During the golf season, there’s a ritual I follow each weekend. I check the scores of former Illini on the various pro tours. There are a bunch of them, both in the U.S. and overseas.
Lately, there’s been a name missing. It turns out, for a very good reason.
Former Illini D.A. Points, a three-time winner on the PGA Tour, is out for the rest of the season after having neck surgery 10 weeks ago. The problems go back three or four years, when Points started feeling numbness in his right thumb, index and middle finger. Those are important digits for a golfer.
He had compressed nerves in his neck.
Last September, Points had a minor neck procedure. It helped with his middle and index fingers, but did not relieve the numbness in his thumb.
At the time, Points had just tied for fourth at the Wyndham Championship.
“I was like, ‘Maybe I can still play even though I still have some of this numbness,’” Points said.
He competed in 11 events early in 2019.
“I wasn’t playing terrible,” Points said, “but I wasn’t playing well.”
He started to feel worse at the Texas Open, where he withdrew after the first round.
Points took the week of the Masters off, then returned for the Heritage at Hilton Head, S.C. The numbness was still a problem, so Points looked for a better solution.
In Orlando, Fla., Points had an artificial disc put between his C5 and C6 vertebrae. The surgery was performed at the Mason Spine Institute by Dr. Robert Mason. He has also worked on the necks of golfers Brian Gay and Rory Sabbatini.
“He really, really helped them,” Points said.
Golf is not a contact sport. So, how did Points get hurt in the first place?
“Years of repetition,” he said.
Points is practicing again.
He is not in pain now. And has never been in pain. The only sign of injury was numbness.
“I was like, ‘Man, I really don’t feel that bad. If I didn’t play professional golf, I may not have done anything,’” Points said.
But it’s difficult to play against Tiger Woods, Brooks Koepka and Dustin Johnson with balky fingers.
“It was a huge distraction,” Points said. “There’s a lot of stuff that we’re dealing with out there.”
Some numbness still lingers in his thumb. Points will have more tests next week to see if everything is progressing as it should. The damaged nerve needs to regenerate.
He will be back on the PGA Tour. But not until next season. He has a medical exemption that allows him to sit out tournaments while retaining his playing privileges going forward.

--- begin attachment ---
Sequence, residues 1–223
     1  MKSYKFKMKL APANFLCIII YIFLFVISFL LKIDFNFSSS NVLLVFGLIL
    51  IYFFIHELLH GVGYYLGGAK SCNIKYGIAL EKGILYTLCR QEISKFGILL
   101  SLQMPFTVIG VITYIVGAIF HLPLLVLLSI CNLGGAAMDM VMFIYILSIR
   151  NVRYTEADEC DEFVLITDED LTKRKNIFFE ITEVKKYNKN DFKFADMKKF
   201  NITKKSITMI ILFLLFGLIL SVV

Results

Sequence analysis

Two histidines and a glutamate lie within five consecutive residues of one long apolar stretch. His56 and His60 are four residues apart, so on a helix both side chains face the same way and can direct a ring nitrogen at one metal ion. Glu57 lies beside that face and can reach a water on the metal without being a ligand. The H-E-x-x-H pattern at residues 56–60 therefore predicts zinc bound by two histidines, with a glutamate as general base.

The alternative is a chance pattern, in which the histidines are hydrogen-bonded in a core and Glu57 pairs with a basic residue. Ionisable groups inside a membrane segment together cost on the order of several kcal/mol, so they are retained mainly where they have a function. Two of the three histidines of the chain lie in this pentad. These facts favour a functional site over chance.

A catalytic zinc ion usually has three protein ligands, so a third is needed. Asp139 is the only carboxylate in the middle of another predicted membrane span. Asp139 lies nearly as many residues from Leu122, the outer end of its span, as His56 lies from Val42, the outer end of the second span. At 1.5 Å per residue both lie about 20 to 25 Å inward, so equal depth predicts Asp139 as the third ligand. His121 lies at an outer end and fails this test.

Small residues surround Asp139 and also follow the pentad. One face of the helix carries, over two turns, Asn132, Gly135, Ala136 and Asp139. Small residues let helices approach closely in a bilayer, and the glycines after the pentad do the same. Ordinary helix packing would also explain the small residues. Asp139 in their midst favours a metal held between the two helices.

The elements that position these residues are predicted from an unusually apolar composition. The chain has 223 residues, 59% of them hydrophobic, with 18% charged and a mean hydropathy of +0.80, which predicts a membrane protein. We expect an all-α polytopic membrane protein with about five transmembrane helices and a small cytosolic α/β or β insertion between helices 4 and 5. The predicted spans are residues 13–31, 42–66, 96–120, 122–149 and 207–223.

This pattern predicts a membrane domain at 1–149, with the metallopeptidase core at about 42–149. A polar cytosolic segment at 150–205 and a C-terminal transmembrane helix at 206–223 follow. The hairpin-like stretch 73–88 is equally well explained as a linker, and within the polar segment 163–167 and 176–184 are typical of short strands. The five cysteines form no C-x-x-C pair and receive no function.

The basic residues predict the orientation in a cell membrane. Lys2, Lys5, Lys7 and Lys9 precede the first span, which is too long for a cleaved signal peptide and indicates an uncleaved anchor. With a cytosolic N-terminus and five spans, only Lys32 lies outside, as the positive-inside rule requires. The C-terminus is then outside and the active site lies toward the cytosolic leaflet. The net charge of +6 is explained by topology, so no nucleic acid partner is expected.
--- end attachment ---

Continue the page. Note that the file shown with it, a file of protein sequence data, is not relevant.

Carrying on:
When he returns in the fall, Points will have a set number of tournaments to move back among the top 125 players.
Points, 42, wants to be back to full health when he plays for pay again.
Pro golf is thriving. Woods winning the Masters provided a boost.
“Absolutely,” Points said. “Tiger makes our business go. We all want him back and healthy and playing well. Hopefully, he’ll have a good Open Championship.”
Points follows the tournaments, but maybe not as closely as if he was playing now.
“I check the leaderboard,” Points said. “If some of my closer friends on Tour are playing well, I’ll certainly tune in.”
His list of close friends on Tour includes Jimmy Walker, Chris Stroud, Zach Johnson and Charles Howell III.
“We’re all about the same age and we all have families and similar situations,” Points said. “We all have kind of come up together.”
Of course, Points misses playing in tournaments. Especially this week. He has been a regular at the John Deere Classic in Silvis.
“I’ve been playing professional golf for 20 years,” Points said. “It’s frustrating.”
Not playing on Tour means more quality time at his Florida home with wife Lori, daughter Laila and son Charlie.
They were in Chicago for 10 days in June and went with friends to the mountains of North Carolina for the Fourth of July.
Earlier this week, he stopped by the JDC to have his clubs re-gripped and get the loft checked.
“I saw a bunch of my friends,” Points said. “It’s been tough.”
Points spent the rest of the week in his hometown of Pekin. The D.A. Points Junior Golf Championship was played at Pekin Country Club.
Points planned to visit Thursday with Illinois men’s golf coach Mike Small. Points keeps tabs on the growing contingent of Illini pro golfers.
“It gives me great pride, the fact that we all share the common bond of being Illini,” Points said. “It’s cool. Mike has done a really good job of not only creating a great program, but he also has developed a lot of really good people. They get it.”
Bob Asmussen can be reached at 217-351-5233 or by email at firstname.lastname@example.org.